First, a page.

How convinced am I that computer-based analysis of collaborative learning offers a way of combining the strengths of quantitative and qualitative methods of discourse analysis while overcoming some of their weaknesses.
Already the question indicates that I should be not convinced. Personally, I think that the computer-based analysis lead away from the intended aims of qualitative research. In activity 2.4 I wrote down as the following strength of qualitative research that it ‘typically emphasise people’s words and actions rather than quantification and measurement’ and that it rely essentially on the interpretative analysis of transcribed speech and that it is designed to help researchers capture and understand social phenomena in their natural context. Computer-based analysis however tries to quantify and measure data, e.g. how many key words can be found in a transcript. Sure it does not rely solely on this data but depends on human analysis as well, but I think it is a step towards quantitative research away from the ideals of qualitative research.
What does the computer add to the analysis?
The author mentions that !KiwcTex the computer programme ‘makes it possible to explore rapidly the contextualised use of such linguistic features’ (Wegerif and Mercer, 1997), one benefit that I myself see. It is a mean to quickly produce quantitative data that can be presented similar to table 1 which show how often each group used the words because/cos or so an if, the number of questions asked and the total word count.
What is the status of computer-based text analysis 10 years on?
Wegerif and Mercer’s document is from 1997, thus we are asked if this method is still used today and to which extent it is still relevant in contemporary research. Searching within the OU library did not really yield much results until I figured out that the terminology seems to have changed to computer assisted text analysis. With this search words a couple more articles were found, indication that this research method is still in use today, but it did not tell me anything about its status. Google search produced a lot more results, both for computer-based as well as computer assisted analysis. But, it still did not tell me much about the status. Funnily, my research lead me to another H809 student when I used !KwicTex as search word. However, it seems that at least this software is not longer on the market, but I read e.g. about WordStats. Well, 20 minutes are over now and I hope that I can revert back to the ‘wisdom of the crowds’ (Surowiecki, 2004). Let’s give it a try with Delicious and Twitter and see if someone else had more success.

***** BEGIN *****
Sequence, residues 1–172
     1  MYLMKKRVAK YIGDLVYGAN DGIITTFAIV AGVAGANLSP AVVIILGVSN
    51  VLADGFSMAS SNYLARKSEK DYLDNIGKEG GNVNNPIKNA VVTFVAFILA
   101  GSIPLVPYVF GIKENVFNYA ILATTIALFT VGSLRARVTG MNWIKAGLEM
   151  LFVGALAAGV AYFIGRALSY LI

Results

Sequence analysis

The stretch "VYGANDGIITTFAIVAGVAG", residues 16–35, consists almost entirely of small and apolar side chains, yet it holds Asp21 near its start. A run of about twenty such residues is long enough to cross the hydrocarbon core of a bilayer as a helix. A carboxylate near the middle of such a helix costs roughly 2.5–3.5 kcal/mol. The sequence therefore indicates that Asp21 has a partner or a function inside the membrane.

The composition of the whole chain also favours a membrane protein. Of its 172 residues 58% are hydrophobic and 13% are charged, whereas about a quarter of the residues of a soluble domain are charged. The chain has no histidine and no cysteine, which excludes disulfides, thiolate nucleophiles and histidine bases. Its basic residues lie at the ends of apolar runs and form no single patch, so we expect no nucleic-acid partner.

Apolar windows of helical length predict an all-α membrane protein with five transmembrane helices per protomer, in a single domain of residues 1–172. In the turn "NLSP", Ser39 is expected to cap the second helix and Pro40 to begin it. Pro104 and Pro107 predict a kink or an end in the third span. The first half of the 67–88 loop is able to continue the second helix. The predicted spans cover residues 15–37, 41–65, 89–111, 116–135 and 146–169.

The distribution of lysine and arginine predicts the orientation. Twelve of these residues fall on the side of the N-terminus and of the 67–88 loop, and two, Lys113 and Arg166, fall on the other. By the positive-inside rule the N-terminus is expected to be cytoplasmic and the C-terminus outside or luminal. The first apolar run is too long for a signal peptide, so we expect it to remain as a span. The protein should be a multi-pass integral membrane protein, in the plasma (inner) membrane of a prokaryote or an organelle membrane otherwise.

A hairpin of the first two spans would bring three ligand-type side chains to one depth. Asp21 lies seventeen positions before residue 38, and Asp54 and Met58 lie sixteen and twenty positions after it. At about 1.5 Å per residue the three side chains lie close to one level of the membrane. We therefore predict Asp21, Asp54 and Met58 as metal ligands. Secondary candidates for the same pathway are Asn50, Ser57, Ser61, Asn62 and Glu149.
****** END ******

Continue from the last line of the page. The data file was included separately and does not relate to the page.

Delicious was not really a success, as nobody tagged a link with computer-based, and one link that I found using H809 brought me to an article dated 1995, which does not help me to answer the question 😦 No tweets so far on this subject, but I raised the question in a tweet. Answers will be posted here.
How does the paper compare with Reading 1?
In my opinion the basic questions were a lot more difficult to answer as in reading 1. Reading one was about researching if a technology – the virtual classroom – is a viable alternative to face-to-face courses, quite similar to reading 2 where the authors researched if computer-based analysis helps to combine the strength of qualitative and quantitative research, eliminating thus their weaknesses. Qualitative and quantitative research methods were used in both papers, but with different means. Well, what else? Although the readings show some basic similarities do they research quite different issues. Wegerif and Mercer research talk in collaborative learning and reading 1 research insofar a virtual learning environment substitute or supersede a traditional face-to-face learning environment.